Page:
Sometimes it is fun and challenging to write in the style of another writer. A Parody satirizes or ridicules another poem or poet. A Pastiche is a kind of parody borrowing passages from a writer’s work, or an imitation not intended to ridicule.
Imitation is sometimes a great complement. I believe it may even be an attempt to honor another writer, but of course it is important to attribute that person and work when you do this.
Many writers have played with the words of Dr. Seuss, and Lewis Carroll. Lewis Carroll also parodied other writers, as for example, using Jane Taylor’s “Twinkle, twinkle little star,” as a model for his own rhyme in Alice’s Adventures in Wonderland,
“Twinkle, twinkle little bat!
How I wonder what you’re at!
Up above the world you fly,
Like a tea-tray in the sky.”
I wrote this parody of Lewis Carroll, myself. It was not as easy as it might seem, and I ended up writing a glossary of terms to go with the poem, which I will include in this blog.
Adventure on the Jabberwocky
Inspired by Lewis Carroll
The Tweedle twins, Dee and Dum
floated one day down the Rhine
in their Jabberwocky raft made of tumtum.
They gyred and grumbled all the time
as the Rhine flows to the city of Ede
and divides into Lek, Wall, and Maas
in the wonderful Netherlands delta grass.
A mizzle misted on the slithy knaves
and fell on Dum and drizzled on Dee.
All wabe and burbled in the waves,
they pulled their vessel toward the lee
as night was falling,(twas dark by nine.)
Wet from wading in the wabe,
mimsy they booked a hotel on the Rhine,
the cost of which caused much outgrabe.
However the room they found quite fine.
Dee and Dum each took a bath.
Dee went to look for a dry white wine.
Dum rested up in the aftermath.
He ordered a rasher of bryllyg ham,
Dee returned with a nice vouvray.
Dum got al frumious and hollered, Hey!
That’s a wine you should serve with lamb!
Dee sat down on the velvet duvet;
said, Don’t get uffish you manxome rath.
I brought you at least, a nice vouvray.
And why didn’t you shave when in the bath?
Your pilose visage is scruffy and whimsey.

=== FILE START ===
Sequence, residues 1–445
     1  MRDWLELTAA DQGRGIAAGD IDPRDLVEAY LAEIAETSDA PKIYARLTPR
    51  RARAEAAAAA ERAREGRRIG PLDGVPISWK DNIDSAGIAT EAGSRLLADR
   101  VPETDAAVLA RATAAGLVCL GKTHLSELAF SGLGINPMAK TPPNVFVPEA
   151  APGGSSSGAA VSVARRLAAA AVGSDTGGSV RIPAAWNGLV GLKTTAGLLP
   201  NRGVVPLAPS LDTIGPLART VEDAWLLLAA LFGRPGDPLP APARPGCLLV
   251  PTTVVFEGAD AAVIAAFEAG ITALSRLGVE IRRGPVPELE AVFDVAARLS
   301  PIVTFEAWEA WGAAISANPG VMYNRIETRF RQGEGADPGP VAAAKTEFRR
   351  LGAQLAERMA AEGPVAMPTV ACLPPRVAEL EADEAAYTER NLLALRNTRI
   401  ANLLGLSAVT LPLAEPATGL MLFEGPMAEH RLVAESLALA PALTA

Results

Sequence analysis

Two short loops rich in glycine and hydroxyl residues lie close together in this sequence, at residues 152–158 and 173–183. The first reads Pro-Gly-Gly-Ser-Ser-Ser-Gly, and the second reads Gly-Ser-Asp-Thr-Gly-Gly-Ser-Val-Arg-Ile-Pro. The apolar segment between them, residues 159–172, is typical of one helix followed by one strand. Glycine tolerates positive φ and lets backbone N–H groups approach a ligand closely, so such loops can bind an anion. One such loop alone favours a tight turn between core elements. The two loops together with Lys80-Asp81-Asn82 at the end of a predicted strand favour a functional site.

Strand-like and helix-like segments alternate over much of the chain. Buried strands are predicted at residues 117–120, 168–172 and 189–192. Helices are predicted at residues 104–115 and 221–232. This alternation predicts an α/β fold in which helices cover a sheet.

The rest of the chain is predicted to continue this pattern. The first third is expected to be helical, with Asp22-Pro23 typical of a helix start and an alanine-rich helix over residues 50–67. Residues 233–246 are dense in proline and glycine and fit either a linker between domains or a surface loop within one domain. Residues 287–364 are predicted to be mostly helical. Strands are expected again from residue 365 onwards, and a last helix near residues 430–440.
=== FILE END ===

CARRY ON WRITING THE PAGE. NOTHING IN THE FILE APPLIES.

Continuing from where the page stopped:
Dum galumphed out and came whiffing back.
He opened the rasher all mome and mimsy,
because their meal was burned quite black!
But hungry, they ate it anyway,
and drank the wine, Callooh! Callee!
and agreed it had been a frabjous day,
quarrels resolved in their nomography.
The following day the Tweedle twins,
floated again on their frumtious raft,
confidently vorpal and wearing grins,
happily fishing from their beamish craft.
A Carroll Glossary
Bandersnatch- creature from the Snark, an island.
Beamish – quality of sending rays of light.
Borogove- extinct kind of parrot (no wings, beaks turned up, and made nests
Under sun dials, and lived on veal)
Bryllyg – to bryl or broil.
Burbled – a combo of bleat, murmur and bubble and warble) Also it is a turbulence
That develops when air is not flowing smoothly around an object.
Calloh, Callay – Callooh, an arctic duck species of northern Scotland. Callay is from
Greek Kalos, meaning beautiful, good and fair.
Chortled – (combo of chuckle, and snort)
Frabjous day – fabulous
Frumious – (Combo of fuming and furious)
Frumtious – (Combo of frump and sumptious or scrumptious)
Galumphing back – a clumsy bumping gallop
Gymble – to screw out holes in anything (from gimblet) a would tool, pivoted rings.
Gyre - scratch like a dog.
Jabberwock – excited talk and wooer, an anglo saxon word meaning offspring
Jubjub bird – from the Snark, an island.
Jubjub tree – from the Snark, the island frequented by the Jubjub and the
Bandersnatch wne where the jabberwock was slain.
Manxome fore – from Celtic Isle of a Man, Manx pertained to anything from the
Mimsy – miserable and happy (combined word)
Mome – grave (combo of solemome and solemone and solomn)
Outgrabe – past tense of verb to outgribe. Means grike and shrike from which are
derived shriek and creak.
Rath – a species of land turtle, head erect, mouth like a shark, four legs curved out, so
The animal walked on its knees, smooth green body, lived on swallows and
Slythy – smooth and active (combo of slimy and lythe)
Snark – Oxford Dictionary – means beaming, shining brightly, radiant.
Snicker-snack – to titter (while snacking on snickers?)
Tove – species of badger – smooth white hair, long hind legs, short horns like a stag
That lives chiefly on cheese.
Tulgey wood – Carroll did not explain.
Tumtum tree – a stringed instrument, a colloquialism.
Uffish thought – a state of mind, voice is gruffish and manner ruffish, and temper
Vorpal sword – and blades are from Carroll’s mathematical treatise (combo of verbal
Wabe – to swab or to soak (combined)
Whiffing – blowing unsteadily in short puffs.
Portmanteau Words – a made up word, often a combination of two words.
A portmanteau is also a kind of traveling case or suitcase.
Please Note: No matter how many times I correct the lack of paragraph spacing on this blog, the program refuses to alter it. I am sorry the paragraphs are all crunched together. It is a great frustration after all the work I have done to edit this and to create a document which is easy and pleasant to read! I must apologize for Blogger's Program.
Art and Writing by Ruth Zachary© are Copyrighted.